Option A-
http://www.bhphotovide​o.com …_Boom_Assembly_​Black.html (external link)
-you are correct about the products specs i.e. 12.5lbs - 10lb counter weight = net 2.5lbs; it is very light weight.
-advantage is it’s compactness for travel (i.e. 3-sections: shortest approx 28”. I mostly only use 2 of its 3-sections)
-find it more suitable for mating with something like a Manfrotto 7.75ft lightstand [Mfr# 1052BAC]
http://www.bhphotovide​o.com …AC_Alu_Air_Cush​ioned.html (external link)

Option B-
For even more lighter-weight/more compact set up than Option A, I use this combination:
(for Manfrotto Nano Mfr#5001B compact stands, or Lowel 8ft Mfr# UN-55 compact stands; with folded LOA 19”-21.5”)
http://www.bhphotovide​o.com …01B_Nano_Black_​Light.html (external link) (compact, but really a flimsy stand)
http://www.bhphotovide​o.com …5_Uni_TO_Light_​Stand.html (external link) (still compact - much firmer/stronger & higher than the Manfrotto Nano)
connected in this order…
http://www.bhphotovide​o.com …KL_Double_Ball_​Joint.html (external link) (to lightstnad)
http://www.bhphotovide​o.com …386B_386B_Nano_​Clamp.html (external link) (for holding Lastolite pole/”boom”)
http://www.bhphotovide​o.com …_extending_hand​le_28.html (external link) (to hold speedlight & if desired modifier such as snoot, grid, softbox, stripbox, etc.)
I find my Matthews/SME & Avenger Grip Arms (20" or 40") far too heavy for both the stand & travel.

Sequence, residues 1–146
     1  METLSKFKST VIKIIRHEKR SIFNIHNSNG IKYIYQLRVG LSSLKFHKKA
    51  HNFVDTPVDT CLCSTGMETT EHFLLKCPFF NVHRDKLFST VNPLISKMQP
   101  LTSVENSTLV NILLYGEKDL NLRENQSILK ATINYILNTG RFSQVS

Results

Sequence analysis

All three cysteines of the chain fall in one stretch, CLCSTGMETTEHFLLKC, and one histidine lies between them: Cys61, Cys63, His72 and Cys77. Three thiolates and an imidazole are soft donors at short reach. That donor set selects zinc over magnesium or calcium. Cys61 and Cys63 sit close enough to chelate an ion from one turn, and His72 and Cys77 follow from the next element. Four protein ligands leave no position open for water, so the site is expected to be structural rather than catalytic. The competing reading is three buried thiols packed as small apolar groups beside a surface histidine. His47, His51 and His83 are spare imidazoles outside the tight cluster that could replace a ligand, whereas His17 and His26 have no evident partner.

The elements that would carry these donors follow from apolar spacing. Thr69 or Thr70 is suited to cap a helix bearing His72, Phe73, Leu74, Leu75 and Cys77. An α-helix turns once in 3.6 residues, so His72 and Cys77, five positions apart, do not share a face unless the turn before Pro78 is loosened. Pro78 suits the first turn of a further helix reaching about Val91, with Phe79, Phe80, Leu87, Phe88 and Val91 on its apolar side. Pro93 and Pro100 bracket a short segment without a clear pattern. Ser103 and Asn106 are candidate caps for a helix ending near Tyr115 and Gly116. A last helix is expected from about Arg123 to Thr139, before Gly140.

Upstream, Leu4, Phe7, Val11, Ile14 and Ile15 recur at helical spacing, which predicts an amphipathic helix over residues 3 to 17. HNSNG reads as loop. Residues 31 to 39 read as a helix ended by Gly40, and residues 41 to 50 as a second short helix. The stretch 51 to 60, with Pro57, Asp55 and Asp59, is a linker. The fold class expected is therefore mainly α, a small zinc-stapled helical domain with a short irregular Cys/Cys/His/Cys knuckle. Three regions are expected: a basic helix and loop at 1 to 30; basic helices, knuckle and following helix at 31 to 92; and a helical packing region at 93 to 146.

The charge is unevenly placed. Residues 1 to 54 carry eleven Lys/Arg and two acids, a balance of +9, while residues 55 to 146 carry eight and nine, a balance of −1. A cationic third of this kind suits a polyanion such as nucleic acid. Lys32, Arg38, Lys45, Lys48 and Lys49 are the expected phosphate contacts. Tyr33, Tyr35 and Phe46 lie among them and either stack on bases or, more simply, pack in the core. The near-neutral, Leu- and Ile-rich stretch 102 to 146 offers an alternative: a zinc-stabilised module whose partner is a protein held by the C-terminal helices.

OPTION C, D, etc:
Also, don’t forget the benefit of the established, simple & versatile grips like these, as a compact substitute for a boom, for placing speedlights (as well as reflectors, gobos, etc).…
Manfrotto Justin Clamp [Mfr# 175F]:
http://www.bhphotovide​o.com …_Justin_Spring_​Clamp.html (external link) (designed by Joe McNally & his friend Justin)
or
Mathews Mini Matthellini Clamp [Mfr# 420112-S15:
http://www.bhphotovide​o.com …ni_Matthellini_​Clamp.html (external link)
Good luck and remember sometimes less is more.

Mary

P.S.
A more suitable stand for booming (particularly if there is a chance in the future, you will be also utilizing strobe lights), is this great value for money boom - the Manfrotto Combi-Boom Stand [Mfr# 420]:
http://www.bhphotovide​o.com …20B_Combi_Boom_​Stand.html (external link)
with a load capacity much greater than the product specs indicate and have no hesitation in booming my Profoto D1-500Air’s with large Profoto light modifiers.


MARY

  
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dmward
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Feb 26, 2014 17:04 |  #9

The mini-stand is way too light duty for a boom. It will bend the stand even if its a light boom with a light setup at the end.

I rarely consider using even a 20" grip arm on a stand smaller than 13 foot.

If you need to have a light hanging off the side of a light stand you are way past portable.